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Who’s playing whom will become clear in the coming months. The only way the “rebellion” will complete its revolutionary transformation is if it fundamentally transforms the Egyptian economy and the deeply buried political networks that still control it. And the military will do whatever it can to prevent this from happening.

There are two ways that such a transformation could occur. The first is that the renewed transition process creates a functioning political system in which, as has occurred in many post-authoritarian states in the last 20 years, democratically elected political leaders gradually drain power from once dominant militaries (Turkey and Latin America are the best examples of this process). The Egyptian military clearly understands this danger. It will thus be very interesting to see how it tries to manipulate the process to ensure its long-term independence and control over its economic empire against an emerging political elite that will at some point feel secure enough directly to challenge its prerogatives.

The danger here is that as the new system becomes more established, one-time idealists and rebels will become be coopted into the existing system before they have a chance to change it.

The other possibility is that the young revolutionaries behind January 25 and now June 30 decide that with tens of millions of people behind them (a very different situation than existed after the January 25 revolution, in which far fewer people actively took part), they can afford to go for the proverbial knock-out blow. Indeed, with the economy in tatters and the country on the precipice of unprecedented civil strife, the military is potentially in a far weaker position now than it was after Mubarak’s departure.

Few would have imagined that Egyptians would turn on the venerable Muslim Brotherhood as quickly as they have. The military is arguably even more respected, but if revolutionary leaders-turned-politicians can find the right language to explain to ordinary Egyptians the military’s role in denying them the “freedom, dignity and social justice” promised by the revolution the Egyptian people could demand the reining in of the military’s political independence and economic power.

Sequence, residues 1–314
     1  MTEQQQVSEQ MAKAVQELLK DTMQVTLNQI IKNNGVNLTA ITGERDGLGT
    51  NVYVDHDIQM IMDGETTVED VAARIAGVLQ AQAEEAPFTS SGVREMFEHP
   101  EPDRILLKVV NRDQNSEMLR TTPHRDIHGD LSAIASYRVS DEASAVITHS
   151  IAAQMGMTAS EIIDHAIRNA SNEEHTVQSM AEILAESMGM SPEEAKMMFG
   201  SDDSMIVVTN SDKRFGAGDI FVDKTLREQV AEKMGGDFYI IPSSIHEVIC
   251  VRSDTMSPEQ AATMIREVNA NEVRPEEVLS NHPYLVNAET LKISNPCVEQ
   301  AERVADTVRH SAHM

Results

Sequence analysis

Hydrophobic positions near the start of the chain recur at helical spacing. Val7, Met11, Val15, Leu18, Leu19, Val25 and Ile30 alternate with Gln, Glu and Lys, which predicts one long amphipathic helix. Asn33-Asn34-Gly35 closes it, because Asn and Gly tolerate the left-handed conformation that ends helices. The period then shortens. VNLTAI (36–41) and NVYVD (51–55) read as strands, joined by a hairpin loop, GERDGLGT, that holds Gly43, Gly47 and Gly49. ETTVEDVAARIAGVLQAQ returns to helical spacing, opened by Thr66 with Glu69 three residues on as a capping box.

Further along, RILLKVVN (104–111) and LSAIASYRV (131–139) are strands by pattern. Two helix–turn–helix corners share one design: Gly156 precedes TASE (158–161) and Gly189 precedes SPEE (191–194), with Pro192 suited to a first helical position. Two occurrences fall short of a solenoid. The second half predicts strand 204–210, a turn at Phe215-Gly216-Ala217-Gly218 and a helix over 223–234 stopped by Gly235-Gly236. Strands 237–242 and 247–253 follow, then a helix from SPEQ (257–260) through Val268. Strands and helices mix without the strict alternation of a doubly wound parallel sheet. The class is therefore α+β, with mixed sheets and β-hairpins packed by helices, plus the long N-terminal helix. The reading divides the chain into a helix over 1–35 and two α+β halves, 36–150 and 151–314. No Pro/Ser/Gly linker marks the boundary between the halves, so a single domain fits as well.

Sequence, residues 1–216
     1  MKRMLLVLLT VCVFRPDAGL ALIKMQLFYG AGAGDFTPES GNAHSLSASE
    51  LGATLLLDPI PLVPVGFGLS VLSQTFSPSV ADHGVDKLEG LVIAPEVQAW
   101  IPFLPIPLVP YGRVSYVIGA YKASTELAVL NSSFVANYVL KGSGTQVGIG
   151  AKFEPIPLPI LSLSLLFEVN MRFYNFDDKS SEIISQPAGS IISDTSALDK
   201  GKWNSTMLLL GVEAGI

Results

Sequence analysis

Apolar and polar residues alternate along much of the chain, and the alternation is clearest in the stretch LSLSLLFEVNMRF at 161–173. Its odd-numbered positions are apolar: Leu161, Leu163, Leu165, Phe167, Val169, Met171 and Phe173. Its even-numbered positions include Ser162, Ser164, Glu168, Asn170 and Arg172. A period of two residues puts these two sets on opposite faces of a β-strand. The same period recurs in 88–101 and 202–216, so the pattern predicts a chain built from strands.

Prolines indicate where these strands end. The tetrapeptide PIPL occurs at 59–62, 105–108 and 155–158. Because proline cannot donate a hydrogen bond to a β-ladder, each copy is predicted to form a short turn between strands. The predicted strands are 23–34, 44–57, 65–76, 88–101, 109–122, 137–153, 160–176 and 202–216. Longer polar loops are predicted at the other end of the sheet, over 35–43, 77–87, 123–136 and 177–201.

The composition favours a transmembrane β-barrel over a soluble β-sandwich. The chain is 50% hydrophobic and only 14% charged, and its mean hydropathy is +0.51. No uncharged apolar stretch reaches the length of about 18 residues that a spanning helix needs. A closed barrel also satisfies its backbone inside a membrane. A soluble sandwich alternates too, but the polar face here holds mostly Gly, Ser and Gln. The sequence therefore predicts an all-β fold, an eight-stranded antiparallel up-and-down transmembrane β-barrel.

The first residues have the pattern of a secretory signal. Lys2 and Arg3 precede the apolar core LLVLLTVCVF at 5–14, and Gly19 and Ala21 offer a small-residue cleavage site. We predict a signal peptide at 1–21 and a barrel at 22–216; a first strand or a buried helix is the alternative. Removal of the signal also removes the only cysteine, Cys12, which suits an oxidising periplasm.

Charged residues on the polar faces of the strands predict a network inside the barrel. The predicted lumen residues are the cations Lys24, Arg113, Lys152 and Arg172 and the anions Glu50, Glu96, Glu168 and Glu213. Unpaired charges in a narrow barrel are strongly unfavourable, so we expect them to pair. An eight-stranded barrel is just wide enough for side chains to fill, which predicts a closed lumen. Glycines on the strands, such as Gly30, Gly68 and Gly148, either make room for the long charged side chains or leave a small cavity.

Here, while few Egyptians were willing to entrust the governance of Egypt “to a bunch of twenty-somethings who’ve never had a job” (as many an older Egyptian expressed to me even as they thanked them for leading the revolution), the “adults” have made such a mess of the transition that people will likely be more willing to give the kids a real share of power this time round.

The question then becomes, how can the transitional leadership demand that a serious economic transformation in the interests of the mass of poor and working class Egyptians be part of the architecture of the new system, and how they will deal with the inevitable attempts by the military to prevent such a development? The Tamarod petition that relaunched the revolution hints at such an agenda, with its “rejection” of continued Egyptian “begging” for international loans, and “following in the footsteps of the USA,” whose neoliberal economic agenda has profoundly shaped the Egyptian economy for the last four decades.

Beware of technocrats

But its advocacy of a government of “technocrats” is quite naïve, as the job of technocrats, despite the connotation of the term, is precisely to enact highly ideological policies that inevitably benefit elites at the expense of the majority of people. Indeed, Egypt has a long and ruinous history of technocratic rule, from British colonialism to USAID and IMF, who have in the guise of a supposedly apolitical and scientific agenda ensured the ever greater concentration of wealth and power among a small elite and the marginalisation and immiseration of the mass of Egyptians.

In the end, there can be no technocratic transition. Tamarod is going to have to outline a specific political agenda that can achieve the goals of the revolution by curtailing the power of the military and economic elite that has governed Egypt for decades, and it’s going to have to convince Egyptians both that this this agenda is realisable and worth returning back to the streets again and again to realise.

The Egyptian military stands in the way of revolution, and sooner or later the revolutionaries will again have to take it on directly. The question is: Who does the Egyptian state belong to, the military and the power elite, or the people?  If the revolutionaries who have won two extraordinary victories in less than three years can find a way to keep the tens of millions of Egyptians who took to the streets to oust Morsi in the ring and on their side, they might just win the fight. But to do that they will need to develop and articulate the kind of progressive ideology that economic, political and religious elites around the world have spent decades doing everything in their power to delegitimise. It’s a battle whose stakes involve us all.